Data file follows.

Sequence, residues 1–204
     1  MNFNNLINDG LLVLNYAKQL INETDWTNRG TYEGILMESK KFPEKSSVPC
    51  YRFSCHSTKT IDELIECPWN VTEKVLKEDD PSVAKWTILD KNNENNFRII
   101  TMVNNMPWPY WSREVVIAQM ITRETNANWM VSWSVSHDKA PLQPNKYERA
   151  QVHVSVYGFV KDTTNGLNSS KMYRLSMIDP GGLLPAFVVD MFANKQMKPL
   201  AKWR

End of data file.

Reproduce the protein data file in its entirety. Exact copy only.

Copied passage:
Sequence, residues 1–204
     1  MNFNNLINDG LLVLNYAKQL INETDWTNRG TYEGILMESK KFPEKSSVPC
    51  YRFSCHSTKT IDELIECPWN VTEKVLKEDD PSVAKWTILD KNNENNFRII
   101  TMVNNMPWPY WSREVVIAQM ITRETNANWM VSWSVSHDKA PLQPNKYERA
   151  QVHVSVYGFV KDTTNGLNSS KMYRLSMIDP GGLLPAFVVD MFANKQMKPL
   201  AKWR